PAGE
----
Many small businesses buy their domain name and their hosting at the same time, so they’re left with the impression that it’s the same process. In fact, your hosting may be provided by one company, and your domain name registrar may be a different company altogether. So it’s not necessarily the case that your registrar and your host are one and the same. It’s a good idea to keep track of both for your company, in case you ever need to find a new host or change the DNS records at your registrar.
And if you inherited the tasks of arranging hosting or renewing your domain name registration from someone else who is now long gone, you will need to figure out who your registrar and your host are. You can find out who your registrar is by doing a WHOIS search on your domain name: go to a WHOIS lookup site like this one or this one, and enter your domain name. Your registrar will be listed in the search results. And if you don’t know who your hosting company is, check your company’s files and emails for any bills for hosting fees, or try some of the other tips suggested here.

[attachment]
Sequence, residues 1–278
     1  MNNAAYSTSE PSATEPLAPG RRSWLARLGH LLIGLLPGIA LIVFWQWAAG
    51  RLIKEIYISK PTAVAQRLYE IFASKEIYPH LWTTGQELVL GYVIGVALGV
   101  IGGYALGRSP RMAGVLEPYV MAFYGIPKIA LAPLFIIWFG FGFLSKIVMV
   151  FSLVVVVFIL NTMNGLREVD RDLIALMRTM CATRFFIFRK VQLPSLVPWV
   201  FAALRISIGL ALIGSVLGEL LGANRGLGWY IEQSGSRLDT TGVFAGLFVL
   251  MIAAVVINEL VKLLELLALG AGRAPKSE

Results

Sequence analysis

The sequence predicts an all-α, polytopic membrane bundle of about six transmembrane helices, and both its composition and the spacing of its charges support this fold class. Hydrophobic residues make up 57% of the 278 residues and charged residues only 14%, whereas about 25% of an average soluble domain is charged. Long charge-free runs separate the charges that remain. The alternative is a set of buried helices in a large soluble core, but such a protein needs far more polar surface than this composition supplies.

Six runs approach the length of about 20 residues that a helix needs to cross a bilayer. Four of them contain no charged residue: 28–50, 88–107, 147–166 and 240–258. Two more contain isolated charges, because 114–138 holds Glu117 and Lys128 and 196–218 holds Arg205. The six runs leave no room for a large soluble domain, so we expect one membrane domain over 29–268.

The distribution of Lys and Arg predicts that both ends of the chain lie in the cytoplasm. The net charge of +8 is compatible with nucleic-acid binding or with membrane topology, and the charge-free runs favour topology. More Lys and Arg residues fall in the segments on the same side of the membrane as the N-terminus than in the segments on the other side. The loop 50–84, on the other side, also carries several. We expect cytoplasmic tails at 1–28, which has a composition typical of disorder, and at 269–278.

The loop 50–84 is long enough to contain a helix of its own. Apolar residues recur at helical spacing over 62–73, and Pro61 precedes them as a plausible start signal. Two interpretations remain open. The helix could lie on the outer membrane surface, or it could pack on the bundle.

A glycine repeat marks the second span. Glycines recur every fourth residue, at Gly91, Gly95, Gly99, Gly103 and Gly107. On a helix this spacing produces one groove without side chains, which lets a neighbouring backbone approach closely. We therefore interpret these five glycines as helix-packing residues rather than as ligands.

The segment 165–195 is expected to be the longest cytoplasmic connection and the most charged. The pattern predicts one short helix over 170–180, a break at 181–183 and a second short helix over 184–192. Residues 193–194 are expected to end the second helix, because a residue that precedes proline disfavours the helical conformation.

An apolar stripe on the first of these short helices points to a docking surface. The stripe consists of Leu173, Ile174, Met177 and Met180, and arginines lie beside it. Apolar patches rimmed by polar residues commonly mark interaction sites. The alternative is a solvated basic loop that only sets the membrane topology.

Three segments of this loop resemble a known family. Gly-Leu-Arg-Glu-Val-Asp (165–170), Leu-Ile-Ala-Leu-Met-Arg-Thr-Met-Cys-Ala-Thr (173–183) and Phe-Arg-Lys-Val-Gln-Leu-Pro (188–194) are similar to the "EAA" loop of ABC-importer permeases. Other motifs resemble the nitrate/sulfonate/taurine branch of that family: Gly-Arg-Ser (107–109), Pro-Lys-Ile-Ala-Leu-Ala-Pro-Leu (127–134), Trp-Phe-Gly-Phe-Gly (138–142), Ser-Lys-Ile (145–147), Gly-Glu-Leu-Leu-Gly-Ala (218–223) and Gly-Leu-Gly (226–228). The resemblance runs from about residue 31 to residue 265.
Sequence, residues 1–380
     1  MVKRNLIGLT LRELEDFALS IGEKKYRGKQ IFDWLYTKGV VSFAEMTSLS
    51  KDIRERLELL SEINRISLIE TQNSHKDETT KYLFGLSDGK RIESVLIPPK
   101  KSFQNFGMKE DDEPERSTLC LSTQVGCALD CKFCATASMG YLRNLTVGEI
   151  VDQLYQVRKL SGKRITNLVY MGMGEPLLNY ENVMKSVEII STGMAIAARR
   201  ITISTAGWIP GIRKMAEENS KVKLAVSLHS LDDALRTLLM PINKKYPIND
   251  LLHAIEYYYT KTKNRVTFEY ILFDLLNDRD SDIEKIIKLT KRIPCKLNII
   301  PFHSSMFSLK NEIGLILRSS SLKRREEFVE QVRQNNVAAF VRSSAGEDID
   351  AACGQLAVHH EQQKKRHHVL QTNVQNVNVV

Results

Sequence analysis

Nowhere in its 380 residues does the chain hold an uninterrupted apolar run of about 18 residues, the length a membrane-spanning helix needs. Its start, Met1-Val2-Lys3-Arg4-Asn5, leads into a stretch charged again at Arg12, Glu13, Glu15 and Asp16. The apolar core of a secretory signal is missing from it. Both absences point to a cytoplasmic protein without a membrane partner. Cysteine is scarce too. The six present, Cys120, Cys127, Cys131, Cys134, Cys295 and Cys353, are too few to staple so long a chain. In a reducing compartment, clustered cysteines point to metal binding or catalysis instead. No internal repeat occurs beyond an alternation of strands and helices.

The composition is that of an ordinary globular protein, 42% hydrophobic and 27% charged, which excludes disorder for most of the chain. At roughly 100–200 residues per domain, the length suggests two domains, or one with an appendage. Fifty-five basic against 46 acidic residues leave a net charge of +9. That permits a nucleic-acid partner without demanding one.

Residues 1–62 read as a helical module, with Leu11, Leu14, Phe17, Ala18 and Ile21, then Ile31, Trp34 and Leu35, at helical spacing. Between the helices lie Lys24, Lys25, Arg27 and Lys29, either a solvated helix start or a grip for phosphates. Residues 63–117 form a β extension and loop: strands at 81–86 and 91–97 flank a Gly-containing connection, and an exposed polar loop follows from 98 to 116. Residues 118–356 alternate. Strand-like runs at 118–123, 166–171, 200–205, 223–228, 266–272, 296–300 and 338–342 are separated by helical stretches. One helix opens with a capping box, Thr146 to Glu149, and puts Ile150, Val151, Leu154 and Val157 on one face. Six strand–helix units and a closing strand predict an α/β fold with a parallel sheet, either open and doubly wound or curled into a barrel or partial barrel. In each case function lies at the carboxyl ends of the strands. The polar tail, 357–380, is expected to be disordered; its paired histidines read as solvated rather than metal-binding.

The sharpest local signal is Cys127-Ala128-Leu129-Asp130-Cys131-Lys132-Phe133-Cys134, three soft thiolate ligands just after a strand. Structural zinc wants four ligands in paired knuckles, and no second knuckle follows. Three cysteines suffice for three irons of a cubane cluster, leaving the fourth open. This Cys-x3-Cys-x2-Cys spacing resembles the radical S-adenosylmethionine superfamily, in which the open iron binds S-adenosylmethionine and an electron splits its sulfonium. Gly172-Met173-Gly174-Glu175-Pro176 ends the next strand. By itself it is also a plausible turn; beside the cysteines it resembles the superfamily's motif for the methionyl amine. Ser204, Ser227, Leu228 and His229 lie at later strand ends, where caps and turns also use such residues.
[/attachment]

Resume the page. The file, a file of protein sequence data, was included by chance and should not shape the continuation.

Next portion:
I hope this helps! Your web designer may take care of arranging both your domain name registration and your hosting for you, but it’s always good to know how it’s done and what’s involved, in case you need to take care of it yourself at some point.